Despite their huge influence, The Libertines failed to generate any real movement. Following the last party of Britpop, that was near impossible anyway, as tastes had frayed into myriad sub genres and no-one really gave a fuck about anything except money. Inevitably, The Libertines proved to be that most British of phenomena’s, the glorious failure, but they did drag along a bunch of others for their own five minutes of fame. Many, like Franz Ferdinand, Razorlight, Bloc Party and Kasabian were labelled ‘post punk revival’ as they picked one idea from post punk to baggy and beyond, and clung onto it for dear life. The sorrowful Kaiser Chiefs even latched onto Britpop, or more specifically, Blur B-Sides. The Libertines easily remained the most revered until Doherty and Barat imploded, and along came a group from Sheffield who easily became the greatest of them all.

   The Arctic Monkeys even surprised themselves by how quickly they filled the gaping hole left by The Libertines blow up. Almost immediately they were declared Their Generations Most Important Band, maybe because, in essence they made stripped down punk records with every touchstone of Great British music covered: The Englishness of The Kinks, the melodic nous of The Beatles, the sneer of the Sex Pistols, the wit of The Smiths, the groove of the Stone Roses and the clatter of The Libertines. Not bad for a bunch of kids who’d spent their teens listening to hip-hop. Where that really showed was in Alex Turners lyrics and frenetic delivery. Forgetting the flowery fancies conjured up by Dickensian Doherty, his were tales of the scum-ridden streets as they were in the 21st Century not the 19th.

  Unfortunately, The Libertines brief blaze and the well-deserved success of the Arctic Monkeys brought its own Britpop effect circa 2006. Suddenly, the nation was awash with a multitude of hairy chinned strummers, slavishly copying the originators every move. By 2007, these purveyors of bland, crowd pleasing sing-along’s were being wooed by a generation of media nobodies desperate to be cool. Even the mighty NME, once the absolute arbiter of taste, became a corporate entity with much talk of ‘growing the brand’ and award shows sponsored by an international hair product. Being in a band became a viable career option as attitude and any sense of reality faded. UK indie was renamed ‘Mortgage Indie’, and there was nothing cool about it at all.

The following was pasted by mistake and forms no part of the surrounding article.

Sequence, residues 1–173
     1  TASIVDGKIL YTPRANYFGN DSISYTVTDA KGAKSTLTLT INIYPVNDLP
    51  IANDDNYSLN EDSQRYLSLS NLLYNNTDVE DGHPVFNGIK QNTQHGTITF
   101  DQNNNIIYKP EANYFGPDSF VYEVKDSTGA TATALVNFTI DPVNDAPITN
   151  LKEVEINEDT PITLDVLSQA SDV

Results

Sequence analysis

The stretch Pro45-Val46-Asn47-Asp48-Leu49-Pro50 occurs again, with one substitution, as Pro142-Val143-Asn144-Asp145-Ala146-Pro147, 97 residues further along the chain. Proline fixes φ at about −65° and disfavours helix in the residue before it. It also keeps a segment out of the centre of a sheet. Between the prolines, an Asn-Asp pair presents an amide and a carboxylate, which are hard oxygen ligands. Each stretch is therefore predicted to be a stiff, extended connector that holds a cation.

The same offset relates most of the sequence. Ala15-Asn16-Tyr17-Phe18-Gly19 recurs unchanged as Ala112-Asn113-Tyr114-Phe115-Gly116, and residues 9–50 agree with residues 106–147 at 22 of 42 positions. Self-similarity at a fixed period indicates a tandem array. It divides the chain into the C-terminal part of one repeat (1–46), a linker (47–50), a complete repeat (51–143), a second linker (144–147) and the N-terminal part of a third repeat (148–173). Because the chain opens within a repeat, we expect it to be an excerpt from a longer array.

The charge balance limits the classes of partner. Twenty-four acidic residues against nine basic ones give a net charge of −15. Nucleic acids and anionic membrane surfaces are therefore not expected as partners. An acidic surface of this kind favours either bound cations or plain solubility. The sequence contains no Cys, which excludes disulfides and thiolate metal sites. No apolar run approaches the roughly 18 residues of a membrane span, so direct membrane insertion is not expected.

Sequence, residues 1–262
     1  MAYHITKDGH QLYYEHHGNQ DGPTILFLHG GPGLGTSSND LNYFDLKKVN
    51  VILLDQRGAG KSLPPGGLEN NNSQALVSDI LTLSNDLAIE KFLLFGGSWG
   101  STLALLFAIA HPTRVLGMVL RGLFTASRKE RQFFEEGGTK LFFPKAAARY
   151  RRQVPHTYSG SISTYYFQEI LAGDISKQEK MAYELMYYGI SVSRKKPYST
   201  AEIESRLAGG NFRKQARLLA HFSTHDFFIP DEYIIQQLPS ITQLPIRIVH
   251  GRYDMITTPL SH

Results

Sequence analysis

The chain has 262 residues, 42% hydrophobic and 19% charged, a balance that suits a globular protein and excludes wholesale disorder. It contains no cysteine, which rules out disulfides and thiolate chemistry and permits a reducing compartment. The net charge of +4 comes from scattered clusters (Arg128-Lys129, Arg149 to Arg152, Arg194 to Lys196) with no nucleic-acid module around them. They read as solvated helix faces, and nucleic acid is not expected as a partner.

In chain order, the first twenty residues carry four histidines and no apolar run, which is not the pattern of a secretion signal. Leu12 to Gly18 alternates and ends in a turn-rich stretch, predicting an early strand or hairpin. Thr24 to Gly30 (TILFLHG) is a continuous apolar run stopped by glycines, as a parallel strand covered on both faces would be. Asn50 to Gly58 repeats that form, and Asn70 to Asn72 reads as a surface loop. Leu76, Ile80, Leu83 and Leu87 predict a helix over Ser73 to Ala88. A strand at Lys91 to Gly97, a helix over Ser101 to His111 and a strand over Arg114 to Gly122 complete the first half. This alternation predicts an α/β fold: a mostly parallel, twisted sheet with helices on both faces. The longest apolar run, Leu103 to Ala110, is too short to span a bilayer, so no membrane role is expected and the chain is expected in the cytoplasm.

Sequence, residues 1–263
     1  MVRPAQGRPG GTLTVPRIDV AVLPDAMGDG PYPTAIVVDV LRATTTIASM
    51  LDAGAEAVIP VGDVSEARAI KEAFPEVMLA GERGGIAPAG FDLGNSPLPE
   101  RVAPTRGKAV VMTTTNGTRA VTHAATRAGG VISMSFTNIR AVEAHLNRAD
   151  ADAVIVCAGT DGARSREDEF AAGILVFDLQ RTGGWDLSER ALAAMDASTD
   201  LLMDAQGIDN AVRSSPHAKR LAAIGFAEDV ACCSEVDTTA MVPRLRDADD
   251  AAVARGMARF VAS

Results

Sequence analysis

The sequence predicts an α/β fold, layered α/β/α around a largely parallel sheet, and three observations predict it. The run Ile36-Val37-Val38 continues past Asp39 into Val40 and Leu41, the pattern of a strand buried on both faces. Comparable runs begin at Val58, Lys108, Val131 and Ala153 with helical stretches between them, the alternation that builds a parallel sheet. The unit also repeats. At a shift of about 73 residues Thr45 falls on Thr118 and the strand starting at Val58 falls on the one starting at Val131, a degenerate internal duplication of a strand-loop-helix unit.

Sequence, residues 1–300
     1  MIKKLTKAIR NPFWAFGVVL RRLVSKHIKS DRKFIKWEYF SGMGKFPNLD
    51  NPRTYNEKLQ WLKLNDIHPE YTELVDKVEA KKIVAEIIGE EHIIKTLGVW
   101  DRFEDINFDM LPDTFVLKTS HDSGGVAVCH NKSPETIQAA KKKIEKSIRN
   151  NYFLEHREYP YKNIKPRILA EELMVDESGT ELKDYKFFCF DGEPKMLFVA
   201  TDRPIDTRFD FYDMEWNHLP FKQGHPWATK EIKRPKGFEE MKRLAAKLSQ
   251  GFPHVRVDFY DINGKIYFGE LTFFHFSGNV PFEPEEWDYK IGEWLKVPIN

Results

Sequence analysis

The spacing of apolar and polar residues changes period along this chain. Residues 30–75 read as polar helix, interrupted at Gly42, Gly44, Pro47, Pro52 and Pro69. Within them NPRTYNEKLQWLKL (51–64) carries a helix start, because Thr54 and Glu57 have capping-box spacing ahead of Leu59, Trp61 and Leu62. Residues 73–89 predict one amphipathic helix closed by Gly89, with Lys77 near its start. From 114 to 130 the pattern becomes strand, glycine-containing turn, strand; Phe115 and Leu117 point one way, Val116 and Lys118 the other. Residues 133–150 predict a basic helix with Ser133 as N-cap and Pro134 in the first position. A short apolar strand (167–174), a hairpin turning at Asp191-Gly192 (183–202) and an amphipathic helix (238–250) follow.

Weirdly, barely six months later, the musical landscape looked startlingly similar to how it did before The Libertines arrival and not a lot has changed since. All the Animal Collectives, Fleet Foxes, Modest Mouse’s and Hold Steady’s, are lauded for their lack of obvious references and sense of adventure. Theirs is a perfectly valid reaction to the legions of Libertines/Arctic copyists that immediately preceded them and yet they seem oh so worthy, often American, usually with facial hair and boring as fuck. 

   What needs to happen now is for a band to come along and react against all of these things. Then the young can start having fun again, and a new generation can get on with being defined, just like the one before, and the one before that, and the one before that.


January 2010.